Ever since opening applewood in 2004, we’ve maintained a set of guiding principles from which we have never wavered. We wanted a restaurant that served only sustainably-sourced foods, whether grown locally or farther afield, with an emphasis on supporting small farmers who treat their land and animals with respect and consideration.
We have never thumped the slow food bible or otherwise proselytized; we have simply done what we believe in and hoped that folks will notice, enjoy, and perhaps learn something about the importance of responsible sourcing.
Mistakes have most certainly been made along the way. We were serving cod and skate before realizing they were both (at the time) on the Monterey Bay Aquarium’s list of overfished seafood. For the first two years, our wine list wasn’t made up entirely of sustainably-sourced wines. It wasn’t until year three that we eliminated commercially-produced spirits from our bar.
In many ways, however, we were (and continue to be) ahead of the game when it comes to truly practicing what we believe. Many restaurants have latched onto the phrases “farm-t0-table,” and “locally sourced,” frequently following those with “whenever possible.” The fact of the matter is that there are precious few other restaurants who believe in sustainable sourcing as an urgency, rather than as a fad. If it is more important to be written up by The New York Times or to grab a spot on some cooking show, then the priorities are not on the food, first and foremost.
By 2009, we had been purchasing whole animals from our sources in Vermont and New Hampshire for five years. Our weekly delivery included a fore-quarter of free-range veal, whole pigs, whole lamb, and whole goats. In the spring of that year, someone wrote an article about eating goat meat that appeared in the Dining Section of the New York Times (http://www.nytimes.com/2009/04/01/dining/01goat.html?pagewanted=all). All of a sudden, goat was IN. People wanted to know if we served goat. Other people started serving goat. I remember picking up the paper that day and marveling aloud to Dave, “Hey Honey, guess what? Goat meat is edible! We should try that!” His eye roll was audible from across the room.
We’ve had many such frustrations over the nine years applewood has been around. Time and again, we read about someone or something doing or serving something we’ve been doing or serving for years. Because we don’t use a publicist and because our focus is on food with integrity, rather than our own celebrity, we putter along under the radar, seemingly unnoticed. Now, this is all fine with me since I’m not a fan of being in the spotlight anyway, BUT I do feel like a line must be drawn when the folks who DO like the attention get completely carried away.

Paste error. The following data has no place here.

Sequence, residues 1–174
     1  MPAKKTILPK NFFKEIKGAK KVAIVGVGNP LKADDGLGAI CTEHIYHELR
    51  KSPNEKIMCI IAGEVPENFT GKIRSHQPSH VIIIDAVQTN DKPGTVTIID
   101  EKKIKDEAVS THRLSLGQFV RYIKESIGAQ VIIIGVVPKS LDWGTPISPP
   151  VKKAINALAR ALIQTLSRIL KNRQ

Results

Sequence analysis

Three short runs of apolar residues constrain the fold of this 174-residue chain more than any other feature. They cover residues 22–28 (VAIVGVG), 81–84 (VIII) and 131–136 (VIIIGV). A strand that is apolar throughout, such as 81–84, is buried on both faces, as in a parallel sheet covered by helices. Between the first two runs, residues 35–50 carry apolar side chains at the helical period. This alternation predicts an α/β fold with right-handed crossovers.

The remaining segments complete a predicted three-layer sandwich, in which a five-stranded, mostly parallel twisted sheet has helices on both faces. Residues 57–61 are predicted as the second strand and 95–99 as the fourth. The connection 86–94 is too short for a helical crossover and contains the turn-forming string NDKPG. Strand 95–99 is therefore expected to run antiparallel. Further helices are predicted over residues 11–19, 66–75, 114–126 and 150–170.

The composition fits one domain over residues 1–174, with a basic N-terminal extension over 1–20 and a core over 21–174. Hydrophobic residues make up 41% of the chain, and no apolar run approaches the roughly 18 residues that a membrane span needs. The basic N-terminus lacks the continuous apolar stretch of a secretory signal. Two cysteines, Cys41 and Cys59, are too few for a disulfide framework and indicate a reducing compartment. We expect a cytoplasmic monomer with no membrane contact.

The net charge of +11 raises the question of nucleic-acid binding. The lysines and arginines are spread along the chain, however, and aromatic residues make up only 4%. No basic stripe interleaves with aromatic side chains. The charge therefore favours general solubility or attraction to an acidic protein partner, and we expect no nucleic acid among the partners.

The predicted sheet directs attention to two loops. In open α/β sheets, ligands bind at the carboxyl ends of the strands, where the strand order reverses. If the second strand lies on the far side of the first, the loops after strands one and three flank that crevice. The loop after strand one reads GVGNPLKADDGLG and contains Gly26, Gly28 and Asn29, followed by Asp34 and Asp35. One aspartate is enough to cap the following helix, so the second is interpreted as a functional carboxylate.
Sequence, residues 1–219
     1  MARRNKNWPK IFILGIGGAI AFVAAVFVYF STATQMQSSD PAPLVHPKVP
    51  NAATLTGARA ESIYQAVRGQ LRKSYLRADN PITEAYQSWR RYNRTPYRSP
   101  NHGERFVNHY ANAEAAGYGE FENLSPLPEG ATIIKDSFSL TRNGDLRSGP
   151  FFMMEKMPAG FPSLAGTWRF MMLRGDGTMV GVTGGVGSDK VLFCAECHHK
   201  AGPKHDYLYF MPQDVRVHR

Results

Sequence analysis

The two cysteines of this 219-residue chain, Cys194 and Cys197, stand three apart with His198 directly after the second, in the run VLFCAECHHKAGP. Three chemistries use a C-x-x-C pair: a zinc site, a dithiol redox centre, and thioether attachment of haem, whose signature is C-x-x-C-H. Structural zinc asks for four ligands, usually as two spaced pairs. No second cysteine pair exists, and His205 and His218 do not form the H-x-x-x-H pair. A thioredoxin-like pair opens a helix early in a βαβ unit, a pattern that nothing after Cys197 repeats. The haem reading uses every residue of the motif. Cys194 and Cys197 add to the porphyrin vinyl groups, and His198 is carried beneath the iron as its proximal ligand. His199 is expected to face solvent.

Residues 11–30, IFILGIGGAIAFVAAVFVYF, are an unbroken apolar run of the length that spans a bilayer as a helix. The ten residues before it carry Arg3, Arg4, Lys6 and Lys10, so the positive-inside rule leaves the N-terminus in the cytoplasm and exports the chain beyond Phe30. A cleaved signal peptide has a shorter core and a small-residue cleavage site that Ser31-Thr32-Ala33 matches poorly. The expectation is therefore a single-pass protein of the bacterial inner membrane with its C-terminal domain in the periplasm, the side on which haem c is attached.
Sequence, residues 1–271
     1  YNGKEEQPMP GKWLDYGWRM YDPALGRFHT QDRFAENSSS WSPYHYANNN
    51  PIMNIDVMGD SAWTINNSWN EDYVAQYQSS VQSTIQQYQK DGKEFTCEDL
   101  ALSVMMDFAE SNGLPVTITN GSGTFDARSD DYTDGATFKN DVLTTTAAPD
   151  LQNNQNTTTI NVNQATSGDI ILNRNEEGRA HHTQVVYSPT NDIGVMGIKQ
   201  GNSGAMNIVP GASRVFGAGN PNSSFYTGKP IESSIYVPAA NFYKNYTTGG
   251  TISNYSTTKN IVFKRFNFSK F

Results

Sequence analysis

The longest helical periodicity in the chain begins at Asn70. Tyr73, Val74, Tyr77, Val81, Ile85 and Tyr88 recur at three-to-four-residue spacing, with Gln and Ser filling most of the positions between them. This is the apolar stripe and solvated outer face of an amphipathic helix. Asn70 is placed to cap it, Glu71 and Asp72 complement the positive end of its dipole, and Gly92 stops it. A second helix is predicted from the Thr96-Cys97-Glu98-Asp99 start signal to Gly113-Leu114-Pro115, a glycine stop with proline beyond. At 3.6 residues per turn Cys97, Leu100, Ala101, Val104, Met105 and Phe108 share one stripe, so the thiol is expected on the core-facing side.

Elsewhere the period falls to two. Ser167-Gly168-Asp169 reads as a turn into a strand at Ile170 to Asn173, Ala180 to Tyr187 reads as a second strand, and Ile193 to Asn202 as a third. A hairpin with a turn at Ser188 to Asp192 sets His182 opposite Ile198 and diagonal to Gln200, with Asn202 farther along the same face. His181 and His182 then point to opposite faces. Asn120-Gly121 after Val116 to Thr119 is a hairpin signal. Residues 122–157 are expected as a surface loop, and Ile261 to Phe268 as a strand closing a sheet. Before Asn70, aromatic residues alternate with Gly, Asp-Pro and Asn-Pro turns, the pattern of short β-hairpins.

This is what happened this past week.
My friend Chris sent me an article printed in this week’s NY Times and I’m 99% sure he sent it just to infuriate me. The article talks about a handful of upscale NYC restaurants which have started trucking their compost to an Amish farm in Pennsylvania in order to feed their rare poultry “high-end table scraps.” The article posits this absurd question, “Can scraps from acclaimed restaurants, where the best ingredients are used, create the table-to-farm-to-table chicken of the future — and the past?” (You can read the full article here: http://www.nytimes.com/2013/09/17/dining/in-pursuit-of-tastier-chickens-a-strict-diet-of-four-star-scraps.html?pagewanted=all).
Of course, applewood farm has been using applewood restaurant’s compost since the farm has been a farm. We didn’t think to mention it to the NY Times because, well, it was just simply the right thing to do. And while some of that compost does in fact make it to the chickens, some also makes it to the compost heap and some makes it into the bellies of the pigs.
We reckon that the flavor of these high-end restaurants’ fancy French chickens will likely be really really similar to chicken and will not reduce even one diner to tears. We would love to suggest that, rather than sequester each restaurant’s birds to ensure that the right scraps make it to the right creatures, that maybe they could just let the chickens free-range and eat whatever the heck they encounter in their free-ranging. Because that is how you ensure a delicious bird.
Shhh… Don’t tell the New York Times.